Some Stones Unturned

Knitting, Biking and Some Sober Second Thoughts

Archive for the tag “food”

Loose Ends: Coastal Hoodie, Aidez and Food

A lot of short things.

I have finished the knitting on Coastal Hoodie.


Before I did the button band.  Love the Borrjas (pinky-purple) colourway.

It is looking pretty sweet.  I ended up mixing yarns because I couldn’t find other available colours of Malabrigo Arroyo that I liked.  I went with Araucania Ranco and somehow it’s not machine-washable, which you would think would have been one of the things I checked when matching it up, but I guess I was so focused on finding a similar weight and that was challenging because the Malabrigo is labelled as sport but is closer to a fingering.  Checking the comments for Araucania, that’s also the case with that yarn.  Why didn’t I just check the fingering weight section for something appropriate and machine washable?  I can’t recall.  So anyway, I do think the Araucania looks a bit shabbier and it will prevent me from machine washing, but maybe after a hand wash and blocking it will look okay (the biggest issue is on the sleeves where I tried to duplicate stitch to hide the jogs but I’m not sure how successful I was.  Anyway, I think I left my main set of sewing needles at my parents’ and my wool needles are too big to fit through the holes of the buttons I picked while the eyes on my remaining few are too small to fit wool through, so that project is just awaiting my purchasing new sewing needles to finish and then I will show it off.

In the meantime, I have cast on for Aidez with some Knit Picks Cadena.

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In autumn, a young woman’s fancy turns to thoughts of deliciousness

Oh, hey there fall vegetables…Yeah, it’s been a while. Listen, I just wanted to say that…I’m really sorry and I love you. I mean, it’s always been you. You know that, right? That dalliance with summer produce was nothing but a fling. I know what it looked like, but you have to believe me. The plump tomatoes. The juicy strawberries. The sweet sweet peaches just off the tree. They tempted me and I was weak; I admit it. But I swear they meant nothing to me. Not like you do.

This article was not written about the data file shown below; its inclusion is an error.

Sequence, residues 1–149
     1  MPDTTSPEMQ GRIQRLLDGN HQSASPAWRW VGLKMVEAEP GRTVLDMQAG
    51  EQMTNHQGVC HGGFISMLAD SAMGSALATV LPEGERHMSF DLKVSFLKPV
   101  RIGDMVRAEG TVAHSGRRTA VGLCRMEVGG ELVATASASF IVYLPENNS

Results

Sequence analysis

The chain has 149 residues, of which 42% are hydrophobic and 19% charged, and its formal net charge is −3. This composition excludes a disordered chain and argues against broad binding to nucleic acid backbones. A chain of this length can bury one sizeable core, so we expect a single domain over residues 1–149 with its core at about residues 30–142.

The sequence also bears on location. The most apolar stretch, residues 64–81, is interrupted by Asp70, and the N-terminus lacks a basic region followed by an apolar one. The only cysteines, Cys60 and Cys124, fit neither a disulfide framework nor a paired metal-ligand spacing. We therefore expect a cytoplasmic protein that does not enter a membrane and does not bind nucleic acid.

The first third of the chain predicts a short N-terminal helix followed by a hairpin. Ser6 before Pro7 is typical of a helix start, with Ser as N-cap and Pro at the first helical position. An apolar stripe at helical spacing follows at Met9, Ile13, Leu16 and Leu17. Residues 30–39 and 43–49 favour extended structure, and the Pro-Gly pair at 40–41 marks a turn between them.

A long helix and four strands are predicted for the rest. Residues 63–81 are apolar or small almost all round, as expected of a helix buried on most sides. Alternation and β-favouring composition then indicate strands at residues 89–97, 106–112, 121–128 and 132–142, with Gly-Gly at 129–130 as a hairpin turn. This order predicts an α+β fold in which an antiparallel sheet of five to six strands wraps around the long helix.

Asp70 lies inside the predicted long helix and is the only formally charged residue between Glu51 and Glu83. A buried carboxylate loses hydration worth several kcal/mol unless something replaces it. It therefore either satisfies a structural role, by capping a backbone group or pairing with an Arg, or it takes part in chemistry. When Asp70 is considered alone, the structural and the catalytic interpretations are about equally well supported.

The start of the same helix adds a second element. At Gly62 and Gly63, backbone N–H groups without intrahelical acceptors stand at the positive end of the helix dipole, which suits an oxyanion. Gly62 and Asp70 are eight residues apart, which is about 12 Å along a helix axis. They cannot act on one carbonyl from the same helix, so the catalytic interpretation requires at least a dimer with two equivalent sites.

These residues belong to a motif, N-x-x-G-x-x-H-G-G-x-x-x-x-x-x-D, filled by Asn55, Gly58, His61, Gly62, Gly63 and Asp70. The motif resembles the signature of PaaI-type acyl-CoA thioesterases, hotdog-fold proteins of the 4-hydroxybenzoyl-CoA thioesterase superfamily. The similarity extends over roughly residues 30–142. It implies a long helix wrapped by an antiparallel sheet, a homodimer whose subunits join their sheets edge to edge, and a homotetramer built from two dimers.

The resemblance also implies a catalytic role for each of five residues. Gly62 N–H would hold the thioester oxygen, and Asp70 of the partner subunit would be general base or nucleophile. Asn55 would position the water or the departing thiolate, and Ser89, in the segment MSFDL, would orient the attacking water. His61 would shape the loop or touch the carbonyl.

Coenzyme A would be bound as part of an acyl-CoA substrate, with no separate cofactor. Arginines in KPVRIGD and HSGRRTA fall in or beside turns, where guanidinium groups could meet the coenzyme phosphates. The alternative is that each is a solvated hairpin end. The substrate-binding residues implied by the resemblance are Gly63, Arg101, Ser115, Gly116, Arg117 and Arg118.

From the moment I saw that zucchini sitting in the produce aisle, I realized what a fool I’d been. No crunchy salad could give me what a fall vegetable stirfry offers, what I need. I knew then what a terrible mistake I had made.

And then there were those stuffed sweet potatoes, their pale orange skin calling to me, tempting me.

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So today I blew a fuse making salad

I don’t mean “blew a fuse” figuratively either, although I did get a bit panicked at one point.

I had set up my breadmaker in the morning and it was due to finish around lunch, but I got tired of waiting for it and decided to get started on the salad and just eat the bread afterward, whenever it finished. I put the turkey bacon in the microwave. I know this might seem strange to some of you since everyone else I know makes bacon in their frying pan, but my family has done it in the microwave for as long as I can remember. Except if it’s a holiday when we have a lot of people over for brunch, in which case we make it in the microwave and the frying pan for maximum speed.

So the bacon is going and the lettuce is washed and I am digging out the pepper as the salad spinner winds down when all of a sudden the noise from the microwave stops. Not stops like ding! it’s finished, but just ceases. Weird. The fridge isn’t making much noise either. Power outage? No, the clock on the stove is still on. I open the fridge door. No light. Quickly, I close the door. Well, colour me confuzzled. I even briefly wondered if the clock on the stove ran on a battery which makes no sense at all, doubly so since I have seen it stop working during a previous outage. Computer still works. Cordless phone still works. Toaster still works. Bedroom stuff still works. TV does not work. So three sets of outlets, spread across multiple rooms of my apartment have stopped working. And that’s when I remember.